Road trip through Africa

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By David Abel | Globe Staff | 3/22/09

HOBAS, Namibia -- Across the moonlike horizon, the only hint of life was a trail of dust kicked up by wild ostriches. The only sound was the hiss of an arid wind scouring the vast plains. And as our scrawny rental car rumbled over the craggy desert road, casting long shadows as the morning sun sent the temperature over 100 degrees, we felt an ominous thud.

Given the rock-strewn road, given the hundreds of miles that separated us from help, given where we had been and what we had already survived, it seemed better to ignore the jolt – and my girlfriend's glower.

"Not good," she said, urging me to slow down.

By that point, thousands of miles into our trip through southern Africa, we had become accustomed to bumps on the road, and other surprises that come with driving a compact car in a land better suited for military vehicles.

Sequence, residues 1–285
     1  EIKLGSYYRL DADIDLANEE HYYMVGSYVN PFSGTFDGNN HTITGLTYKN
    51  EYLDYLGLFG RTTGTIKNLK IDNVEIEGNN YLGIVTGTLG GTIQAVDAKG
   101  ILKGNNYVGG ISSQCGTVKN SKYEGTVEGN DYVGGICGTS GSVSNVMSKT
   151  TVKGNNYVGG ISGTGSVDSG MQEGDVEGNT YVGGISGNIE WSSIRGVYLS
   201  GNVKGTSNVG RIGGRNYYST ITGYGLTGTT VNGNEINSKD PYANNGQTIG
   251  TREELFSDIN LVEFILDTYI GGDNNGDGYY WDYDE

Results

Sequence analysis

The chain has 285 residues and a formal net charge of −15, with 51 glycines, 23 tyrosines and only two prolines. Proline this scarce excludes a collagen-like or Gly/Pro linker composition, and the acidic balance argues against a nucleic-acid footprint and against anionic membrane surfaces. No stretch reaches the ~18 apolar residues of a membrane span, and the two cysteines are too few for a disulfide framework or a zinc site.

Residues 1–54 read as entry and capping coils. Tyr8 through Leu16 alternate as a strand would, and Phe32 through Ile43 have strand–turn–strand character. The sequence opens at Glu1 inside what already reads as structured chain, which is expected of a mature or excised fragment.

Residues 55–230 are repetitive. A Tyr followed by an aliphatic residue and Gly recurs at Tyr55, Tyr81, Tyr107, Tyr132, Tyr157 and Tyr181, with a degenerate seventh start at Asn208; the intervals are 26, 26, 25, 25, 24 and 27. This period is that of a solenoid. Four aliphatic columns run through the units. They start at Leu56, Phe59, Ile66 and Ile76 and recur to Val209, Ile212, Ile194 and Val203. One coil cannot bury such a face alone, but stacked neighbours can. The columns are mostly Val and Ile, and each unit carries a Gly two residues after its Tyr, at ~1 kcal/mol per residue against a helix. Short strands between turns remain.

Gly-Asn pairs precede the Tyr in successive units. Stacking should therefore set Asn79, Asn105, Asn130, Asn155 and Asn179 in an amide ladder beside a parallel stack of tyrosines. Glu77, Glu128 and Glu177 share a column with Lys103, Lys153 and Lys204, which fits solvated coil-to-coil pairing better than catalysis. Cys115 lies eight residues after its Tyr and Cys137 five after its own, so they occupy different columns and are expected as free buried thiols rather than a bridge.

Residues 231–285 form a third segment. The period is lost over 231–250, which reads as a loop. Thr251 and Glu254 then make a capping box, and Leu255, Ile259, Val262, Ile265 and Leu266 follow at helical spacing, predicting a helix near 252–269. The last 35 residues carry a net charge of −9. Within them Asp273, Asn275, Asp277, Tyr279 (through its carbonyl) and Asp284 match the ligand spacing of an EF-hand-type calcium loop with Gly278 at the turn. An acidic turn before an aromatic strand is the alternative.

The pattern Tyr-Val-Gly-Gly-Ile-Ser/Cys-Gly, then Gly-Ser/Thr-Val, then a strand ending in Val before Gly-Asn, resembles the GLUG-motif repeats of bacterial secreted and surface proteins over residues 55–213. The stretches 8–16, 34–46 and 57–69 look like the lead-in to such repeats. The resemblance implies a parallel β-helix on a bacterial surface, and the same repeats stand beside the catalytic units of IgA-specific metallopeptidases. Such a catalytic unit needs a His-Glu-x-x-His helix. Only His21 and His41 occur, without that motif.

Our journey began in Johannesburg, where we rented a carrot-colored version of the Honda Fit. The agents at the local Avis didn't seem concerned that we were about to test its limits, or that we would be driving with just one spare, a donut. Getting permission to cross borders required little more than a 15 minute wait, a $100 fee, and a few forms for our destination in Windhoek, Namibia.

More difficult was learning to drive on the opposite side of the road. For days, every time I tried to activate the blinkers, I hit the windshield wipers. When I tried to flash the brights, I washed the windshield. And with every turn, I had to overcome an inner GPS that kept guiding me to the right – and a possible head-on collision.